So I’ve attempted this recipe twice. The first time I used light cream instead of heavy, and on the second heating of the milk and bean mixture (after the infusing hour) my mixture curdled. Thinking it had curdled because I used light cream or because I put the heat too high and that either way it was ruined, I dumped the mixture and made a different flavor. I tried again today with heavy cream and lower heat and it still curdled! I caught it just as it was starting to curdle so I quickly tempered the eggs and added them back into the mixture thinking, “What do I have to lose?” And to my surprise, the curdled mixture uncurdled and thickened up beautifully. Has anyone else had this experience or know why it may have curdled both times? In case it’s relevant, I used hazelnut-flavored beans, a metal pan to heat and plastic mixing bowls for everything else. Thanks!

  44. Erin

    This was the second ice cream recipe (after chocolate) I wanted to try when I received an ice cream maker for my birthday (the cuisinart one that comes with 2 freezer bowls). It was spectacular, the beans in the cream was so beautiful and smelled so good in my house while they were steeping. The finished ice cream was so creamy and delicious! I am looking forward to trying the heath bar one. Thank you, Elise!

  45. Joy

    I would love to make this recipe for a birthday coming up shortly, just wondering how long in advance I can make it & leave it sitting in the freezer?

    I would say no more than a couple of days. Homemade ice cream just gets harder and harder every day it is left in the freezer. ~Elise

  46. Patricia Ann

    Hi Elise and family!

    Thank you 1000 times so much for this recipe! I am not a coffee drinker at all so technically, I had no coffee lying around the house (that was mine at least) let alone whole coffee beans. I ended up substituting the whole beans with about 6 tablespoons of grounded coffee instead. It was a pain in the butt straining them out since they were so grounded up so finely, but still very doable! It was all very, very, very worth it in the end.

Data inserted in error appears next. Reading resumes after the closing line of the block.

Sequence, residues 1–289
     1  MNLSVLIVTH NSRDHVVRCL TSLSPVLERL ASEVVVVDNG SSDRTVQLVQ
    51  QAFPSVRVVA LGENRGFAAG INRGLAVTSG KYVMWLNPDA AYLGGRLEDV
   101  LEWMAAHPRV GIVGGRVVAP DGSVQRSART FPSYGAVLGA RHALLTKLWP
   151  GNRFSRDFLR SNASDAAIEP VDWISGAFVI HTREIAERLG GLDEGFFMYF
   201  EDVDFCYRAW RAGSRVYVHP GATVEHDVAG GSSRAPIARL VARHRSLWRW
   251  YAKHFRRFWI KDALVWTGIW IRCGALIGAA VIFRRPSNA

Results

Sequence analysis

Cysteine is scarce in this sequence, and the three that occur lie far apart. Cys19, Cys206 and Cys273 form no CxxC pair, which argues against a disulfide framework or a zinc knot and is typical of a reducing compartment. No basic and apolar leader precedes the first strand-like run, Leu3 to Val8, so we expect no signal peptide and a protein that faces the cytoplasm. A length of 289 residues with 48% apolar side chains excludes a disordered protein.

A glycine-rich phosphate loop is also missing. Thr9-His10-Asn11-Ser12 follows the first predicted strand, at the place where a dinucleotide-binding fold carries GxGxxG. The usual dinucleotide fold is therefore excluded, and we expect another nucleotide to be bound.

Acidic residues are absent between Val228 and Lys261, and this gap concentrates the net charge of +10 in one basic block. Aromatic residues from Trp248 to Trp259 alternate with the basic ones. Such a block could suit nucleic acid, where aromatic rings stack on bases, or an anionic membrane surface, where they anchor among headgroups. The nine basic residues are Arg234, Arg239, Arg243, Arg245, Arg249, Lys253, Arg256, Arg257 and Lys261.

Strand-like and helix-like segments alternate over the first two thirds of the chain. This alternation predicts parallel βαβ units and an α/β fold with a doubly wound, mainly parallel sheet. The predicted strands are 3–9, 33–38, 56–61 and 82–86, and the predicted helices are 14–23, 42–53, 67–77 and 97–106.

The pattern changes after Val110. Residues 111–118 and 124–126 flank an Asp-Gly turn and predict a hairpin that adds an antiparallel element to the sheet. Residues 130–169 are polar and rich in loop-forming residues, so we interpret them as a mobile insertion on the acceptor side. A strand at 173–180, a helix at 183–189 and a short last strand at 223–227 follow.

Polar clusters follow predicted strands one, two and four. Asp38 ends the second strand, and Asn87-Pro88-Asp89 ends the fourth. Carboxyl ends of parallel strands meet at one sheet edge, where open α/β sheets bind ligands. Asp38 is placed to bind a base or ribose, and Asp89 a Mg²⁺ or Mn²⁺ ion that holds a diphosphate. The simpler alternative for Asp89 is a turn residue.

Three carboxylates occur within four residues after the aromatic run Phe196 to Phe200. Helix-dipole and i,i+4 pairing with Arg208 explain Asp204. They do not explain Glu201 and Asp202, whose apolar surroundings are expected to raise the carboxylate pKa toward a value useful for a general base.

Funny story: I was too excited (read: impatient) that I ended up popping it in to the ice cream maker before the mixture was completed cooled. After about 45 minutes of whirring in the machine with no results, I panicked and ended up Googling my problem. Nope, no problem. I just wanted my damn coffee ice cream already since the smell was intoxicating. :P I woke up early the next morning to stick it in the machine and 15 minutes in, it started to come together! I was so undeniably excited.

    I was standing there in the kitchen scooping it into a container and right before I placed it in the freezer, I sneaked a bite and I’m not joking, my face lit up and I actually smiled. I continued to sneak a bite here and there through out the day and every time, the same giddy reaction. I am hooked!

    So much so, I just literally finished making a batch of olive oil and rosemary ice cream base, not five minutes ago. I am now waiting for it to completely chill before sticking it into the machine. I think I want to quit my day job and just make ice cream for a living.

    I don’t think I will ever go out to buy ice cream ever again. Thank you!

  47. Yoko

    Hi Elise,

    I made this the other day and it was really good, except it tasted a lot richer than other ice cream recipes by David. Did the original recipe call for 2cups milk & 1cup cream instead of 1.5cups of each?

    No, the original was one and a half cups of each. ~Elise

  48. pamela

    I made this today. decadently creamy. But it only made about 1 3/4 pints…what could have gone wrong? Used Kitchen aid ice cream attachment. Refrigerated the mix overnight…Delish though!

    That’s probably about right. 1 3/4 pints is 1/2 cup short of one quart. Some ice cream makers whip more air into the ice cream than others. ~Elise

  49. Catherine Cooper

    DAIRY FREE VERSION: Do everything the same, but use coconut milk (canned or boxed, I used a combo of both.) I found it too sweet (maybe it was the coconut milk), so before I put it in the ice cream maker, I added another cup of coconut milk and an avocado! It’s still really sweet, but such great consistency. YUMMY!

  50. Libby

    Hello! I made a double batch of this ice cream with the addition of 1 oz of bourbon to the custard. When it was almost fully churned, I drizzled in the caramel sauce (recipe from your site, cooled in the fridge) squeezed out of the corner of a baggie. It was so delicious! I used it to make ice cream sandwiches with these cookies. So good!

  51. Josh

    Best ice-cream I’ve ever had, let alone made! Not very hard, just time consuming. Works perfectly and tastes amazing! Make a double batch